order to maintain existing medical student and resident rotations on the neighbor islands, and to maintain currently
existing innovative programs which serve to meet the needs of underserved communities.

RECOMMENDATION #3
UH/HMEC recommends that the State Department of Human Services and other stakeholders develop a working group
to explore the mechanisms and develop a plan to obtain future Federal Medicaid GME funding since many of the
residency programs provide inpatient and ambulatory care for Medicaid populations.

5. Additional Items
a. Announcements – Next HMEC Meeting – Monday, April 26, 2021 @ 7:30am location TBD

6. Adjournment

Minutes

Hawai‘i Medical Education Council (HMEC) Meeting
January 25, 2021 Time: 7:30-8:30 a.m.
John A. Burns School of Medicine, via Zoom due to COVID-19

Members Present:   Mary Ann Antonelli (for Kathryn Ryder, representing the federal healthcare sector), Nicole Apoliona (representing the health professions community),
Lee Buenconsejo-Lum (Associate Dean for Academic Affairs, Designated Institutional Official (DIO) for Graduate Medical Education, JABSOM), Katherine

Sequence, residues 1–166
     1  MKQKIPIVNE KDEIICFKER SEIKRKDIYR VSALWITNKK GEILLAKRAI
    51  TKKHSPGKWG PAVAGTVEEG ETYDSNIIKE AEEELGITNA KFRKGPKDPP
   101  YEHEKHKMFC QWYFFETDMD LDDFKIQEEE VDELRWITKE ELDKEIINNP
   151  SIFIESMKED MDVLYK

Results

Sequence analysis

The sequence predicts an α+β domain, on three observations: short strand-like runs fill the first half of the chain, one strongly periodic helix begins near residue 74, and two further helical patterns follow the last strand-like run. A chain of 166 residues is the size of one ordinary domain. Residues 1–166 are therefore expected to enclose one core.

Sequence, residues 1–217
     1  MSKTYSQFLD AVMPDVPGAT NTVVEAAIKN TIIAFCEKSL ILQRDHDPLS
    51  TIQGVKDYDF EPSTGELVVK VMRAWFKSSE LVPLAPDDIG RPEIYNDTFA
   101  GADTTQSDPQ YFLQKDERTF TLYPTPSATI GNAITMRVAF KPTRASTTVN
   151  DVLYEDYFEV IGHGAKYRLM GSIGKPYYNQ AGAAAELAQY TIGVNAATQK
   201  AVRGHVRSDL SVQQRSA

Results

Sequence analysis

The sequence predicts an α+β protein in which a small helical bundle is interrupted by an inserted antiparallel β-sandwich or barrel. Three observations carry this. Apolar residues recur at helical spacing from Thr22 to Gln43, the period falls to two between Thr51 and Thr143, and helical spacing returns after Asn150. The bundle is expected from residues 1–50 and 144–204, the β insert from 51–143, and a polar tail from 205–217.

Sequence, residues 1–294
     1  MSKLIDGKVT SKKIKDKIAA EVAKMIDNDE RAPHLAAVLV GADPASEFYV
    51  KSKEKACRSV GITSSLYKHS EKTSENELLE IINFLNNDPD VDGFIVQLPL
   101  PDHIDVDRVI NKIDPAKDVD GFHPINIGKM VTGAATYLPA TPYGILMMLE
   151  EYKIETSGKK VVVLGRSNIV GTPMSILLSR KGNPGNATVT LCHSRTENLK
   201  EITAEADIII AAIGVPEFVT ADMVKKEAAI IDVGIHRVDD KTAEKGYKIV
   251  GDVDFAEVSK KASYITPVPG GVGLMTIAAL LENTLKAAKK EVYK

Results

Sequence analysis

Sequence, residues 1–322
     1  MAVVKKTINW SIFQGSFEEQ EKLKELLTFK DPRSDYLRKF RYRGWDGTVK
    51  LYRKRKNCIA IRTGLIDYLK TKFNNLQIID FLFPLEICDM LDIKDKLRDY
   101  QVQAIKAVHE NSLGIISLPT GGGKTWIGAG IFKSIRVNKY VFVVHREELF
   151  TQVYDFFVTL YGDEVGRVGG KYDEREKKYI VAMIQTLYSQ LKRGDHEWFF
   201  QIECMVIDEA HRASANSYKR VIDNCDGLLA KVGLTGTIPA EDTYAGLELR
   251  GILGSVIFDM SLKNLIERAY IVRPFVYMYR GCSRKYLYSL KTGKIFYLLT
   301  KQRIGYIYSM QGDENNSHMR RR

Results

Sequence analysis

Finn Davis (for Mary Boland, representing the School of Nursing), Jami Fukui (for Randall Holcombe, representing the UH Cancer Center), Jerris Hedges
(Chair, JABSOM Dean), Allen ”Chip” Hixon (representing the health professions community), Lorrin Kim (for Libby Char, representing the Department of
Health), Lisa Rantz (representing a person of the general public), Kenneth Robbins (representing a hospital conducting ACGME programs), Linda Rosen
(representing the health professions community), and Joseph Sterbis (representing a hospital conducting ACGME programs).
Members Absent: Todd Seto (representing a hospital conducting ACGME programs).

Others in Attendance: Chip Ellis (CFO, University Health Partners of Hawai‘i), Aimee Grace (Director of UH System Office of Strategic Health Initiatives), Robert Hong
(Professor, UH Department of Medicine), Marlene Keawe (COO, Hawai‘i Residency Programs, Inc.), , Cynthia Nakamaura (Government Affairs and
Legislative Consultant), Holly Olson (Deputy DIO, JABSOM), Larry Shapiro (CEO, University Health Partners), Susan Steinemann (Assistant DIO,
JABSOM) and Kelley Withy (Director, AHEC).

HMEC Administrator: Lee Buenconsejo-Lum Recorder: Crystal Costa

TOPICDISCUSSION / CONCLUSIONS / ACTIONS / DECISIONSTASKS